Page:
Once more, we in AdoptionLand are accosted by Mother’s Day. What does it mean? Who is it about? Bastardette even wonders: why bother?–but then she’s mean-spirited and hateful. And since she is not a mother of any sort (praise be to Kali!) she does not feel qualified to discuss the qualities of motherhood in general.
The term “mother” and all of its associated emotions, however, is a flashpoint in adoption. Just what and who is a mother?
What is the correct terminology for women who gave birth and, willing or unwilling, “relinquish” their children for adoption. Birthmother? Natural mother? First mother? Biological mother? Real mother? Mother?
And for women who have adopted the children of these women, what is the correct term? Adoptive mother? Adopter? Real mother? Or the ever-grating “adoptress? which almost rhymes with adultress.
For what it’s worth, nobody ever hardly asks adopted people what they think about this schezoid naming ritual, which is probably for the best.
Many birthmothers (and I’m using that term strictly as a generic accepted term within the adoption industry) feel disenfranchised by Mother’s Day. Thus, a few years ago a new “holiday” was created just for them: “Birthmother’s Day complete with special ceremonies and sappy cards and angel pins. Wouldn’t a bmom just feel so special getting this one from “her”adoptive parent(s) and knowing that she and her mis-conceived child are part of God’s plan:
Because of you and your gracious heart
and your self-less act of love,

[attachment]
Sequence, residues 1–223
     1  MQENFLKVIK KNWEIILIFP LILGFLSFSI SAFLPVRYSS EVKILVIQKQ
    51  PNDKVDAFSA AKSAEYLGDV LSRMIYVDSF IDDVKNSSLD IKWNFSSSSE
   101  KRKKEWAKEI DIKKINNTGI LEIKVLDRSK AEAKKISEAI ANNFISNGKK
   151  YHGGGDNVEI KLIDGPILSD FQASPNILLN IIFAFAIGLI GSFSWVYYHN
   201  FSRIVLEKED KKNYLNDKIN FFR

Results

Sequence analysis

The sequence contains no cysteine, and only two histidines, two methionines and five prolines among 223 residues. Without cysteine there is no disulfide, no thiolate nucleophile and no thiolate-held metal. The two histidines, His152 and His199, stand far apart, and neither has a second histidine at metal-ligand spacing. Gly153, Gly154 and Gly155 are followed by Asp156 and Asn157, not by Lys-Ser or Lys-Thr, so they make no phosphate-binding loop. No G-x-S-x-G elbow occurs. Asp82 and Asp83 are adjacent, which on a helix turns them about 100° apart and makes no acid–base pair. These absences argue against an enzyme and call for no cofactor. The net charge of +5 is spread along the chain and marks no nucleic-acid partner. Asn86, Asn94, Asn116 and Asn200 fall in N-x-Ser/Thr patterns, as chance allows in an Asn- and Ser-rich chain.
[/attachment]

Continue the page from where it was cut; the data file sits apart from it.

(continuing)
we thank you and God on high
for our miracle from above.
Who writes this stuff? Shirley Dobson?
This year, as every year, of course, the battle over Birthmother’s Day v Mother’s Day pitches on in adoption-related Internet mailing lists, news groups, and chat rooms. While Bastardette suspects that most bmoms either don’t know or don’t care about Birthmother’s Day, as in every culture war, there are distinct minority groups within the cohort who do care and that rally ’round the flag. Some bmoms embrace the new “holiday” reporting it therapeutic and cathartic–or at least nice. Others, such as the Canadian Council of Natural Mothers loathe the very idea. Interestingly, some very politically active bmoms of our acquaintance rather enjoy the day; others with no political axe hate it. Bastardette, being a Libra, sees both sides and has no desire to touch this hot poker, preferring to suggest that the “celebration” is simply a personal matter. In the spirit of personal autonomy, then, she recommends Jan Baker’s essay “Birthmother’s Day or Mother’s Day?” which supports an affirmative view of the motherhood of both mothers.
A personal note from Bastardette: Happy Mother’s Day, Dottie and Jane! You never met, but you were two peas in a pod. I’m sure you’re both watching from your celestial home in the Great Unnamed, and wondering just what in the world Bastardette is up to and why she turned out so bad after everything you both did for her. She used to be “such nice girl.” (cluck cluck)
I just have to say that my heart hurts for you. I am so sorry that your life was so mixed up that it caused such bitterness in you. I am a bmom and it’s only been a year and a couple of months since I placed my twin boys with another family and it’s been a rough road overcoming the pain and sadness and anger of not being able to keep my children. I do hope you find healing in your life.
Thanks, Alex, for your comments. While I belive that adoption has hurt many people, this is all about the state’s intrusion into the lives of its adopted citizens and it’s collusion with private interest groups and lobbies to erase the identity of the 6 million adopted persons in the US today.
I’m sorry you were forced to place your twins and that there is no redess to the state.